Remember the golden days of George Lucas? Remember when Zemeckis was coming out with hit after hit? Remember when Tim Burton didn’t just paint everything black and shove his wife into shot? We do. We present the five directors we mourn the hardest – made all the more bitter by the fact that they’re all still alive.
Nightmare Movies: Horror On Screen Since the 1960s is the third edition in what has come to be regarded as a “true classic of cult film criticism”. Published in 1985, the original Nightmare Movies was an essential guide to contemporary horror, and, twenty years later, the newest edition is just as indispensible for today’s discerning horror enthusiast.
If you love horror films and you have at least twenty-four hours to live, then there is absolutely nothing you should be doing more than reading (and subsequently adhering to) this itinerary. How else are you going to know what to watch at six thirty in the morning when you’ve just watched a zombie baby rip someone’s head open?
Nothing groundbreaking or awe-inspiring to be seen here, but John Carpenter being just okay is still better than no John Carpenter at all. Flimsy plot and performances, but what you’re forking over for is the shocks, and he still delivers better than most. Will leave you thinking, “Come on, John… let’s next time get our hands REALLY dirty.”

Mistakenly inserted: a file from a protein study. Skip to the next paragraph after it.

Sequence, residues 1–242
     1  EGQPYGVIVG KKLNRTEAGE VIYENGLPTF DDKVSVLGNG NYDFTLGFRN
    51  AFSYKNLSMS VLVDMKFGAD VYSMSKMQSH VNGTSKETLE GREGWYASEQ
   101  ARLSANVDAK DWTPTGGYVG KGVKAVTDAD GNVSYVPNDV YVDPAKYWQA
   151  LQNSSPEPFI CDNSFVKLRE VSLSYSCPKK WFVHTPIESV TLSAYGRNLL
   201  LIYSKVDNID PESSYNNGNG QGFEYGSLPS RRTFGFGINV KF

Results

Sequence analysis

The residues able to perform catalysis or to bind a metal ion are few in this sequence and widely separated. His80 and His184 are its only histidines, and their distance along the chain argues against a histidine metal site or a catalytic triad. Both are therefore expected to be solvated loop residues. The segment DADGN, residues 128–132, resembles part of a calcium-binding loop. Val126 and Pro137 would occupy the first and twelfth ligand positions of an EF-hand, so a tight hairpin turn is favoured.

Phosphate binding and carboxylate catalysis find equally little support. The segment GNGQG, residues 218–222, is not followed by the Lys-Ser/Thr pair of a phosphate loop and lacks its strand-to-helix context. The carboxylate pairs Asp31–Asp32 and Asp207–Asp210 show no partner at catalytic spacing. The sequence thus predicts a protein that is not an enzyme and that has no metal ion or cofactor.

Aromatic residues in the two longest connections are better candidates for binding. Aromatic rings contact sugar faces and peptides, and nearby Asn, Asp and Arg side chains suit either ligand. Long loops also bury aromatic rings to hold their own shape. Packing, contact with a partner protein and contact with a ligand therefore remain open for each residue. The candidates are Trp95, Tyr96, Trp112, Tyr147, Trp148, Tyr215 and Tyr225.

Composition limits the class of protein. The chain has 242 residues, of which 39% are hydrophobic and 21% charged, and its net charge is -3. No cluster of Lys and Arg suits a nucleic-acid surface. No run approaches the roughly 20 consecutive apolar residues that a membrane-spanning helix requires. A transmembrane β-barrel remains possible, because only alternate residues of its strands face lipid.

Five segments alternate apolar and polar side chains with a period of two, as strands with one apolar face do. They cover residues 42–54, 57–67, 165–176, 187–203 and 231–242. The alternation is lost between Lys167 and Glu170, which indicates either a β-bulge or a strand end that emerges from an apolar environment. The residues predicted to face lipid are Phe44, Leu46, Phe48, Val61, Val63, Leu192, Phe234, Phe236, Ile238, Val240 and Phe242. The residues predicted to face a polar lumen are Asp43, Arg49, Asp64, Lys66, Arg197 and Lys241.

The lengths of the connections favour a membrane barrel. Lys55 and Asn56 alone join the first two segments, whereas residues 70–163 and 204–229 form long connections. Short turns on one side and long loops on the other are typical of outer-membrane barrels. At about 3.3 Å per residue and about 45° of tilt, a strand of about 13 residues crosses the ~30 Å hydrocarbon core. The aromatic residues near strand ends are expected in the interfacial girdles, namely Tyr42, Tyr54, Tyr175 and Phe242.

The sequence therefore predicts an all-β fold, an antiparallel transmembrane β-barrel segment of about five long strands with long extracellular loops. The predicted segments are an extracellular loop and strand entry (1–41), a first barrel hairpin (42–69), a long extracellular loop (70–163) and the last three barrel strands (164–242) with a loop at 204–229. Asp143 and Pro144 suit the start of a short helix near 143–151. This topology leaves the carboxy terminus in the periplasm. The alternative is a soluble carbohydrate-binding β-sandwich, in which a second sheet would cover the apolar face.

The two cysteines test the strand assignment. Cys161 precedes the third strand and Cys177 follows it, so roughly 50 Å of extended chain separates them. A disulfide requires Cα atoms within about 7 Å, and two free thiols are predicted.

Master of horror John Carpenter has his first film for years arriving in January with supernatural chiller The Ward. We take a look back at the legendary director’s finest moments, to celebrate a career including some genre icons, a few cult classics and more than a few scares.
The world of film is awash with Marmite topics – actors, genres or even cinematic styles which make some movie-goers dampen their plush seats and others tear the stuffing from the punter in front. In our J’accuse series, two of Best For Film’s writers go head-to-head and debate a controversial aspect of cinema. This time round it’s the worst nightmare of every indie Japanese director – the Hollywood remake.
How do you judge the greatest horror film ever made? Is it how near you come to running out the room, sweating? Is it the intensity of the nightmares that follow? Or is it the film that sparks off agorophobia? If that is the criteria, then Big Momma’s House gets my vote.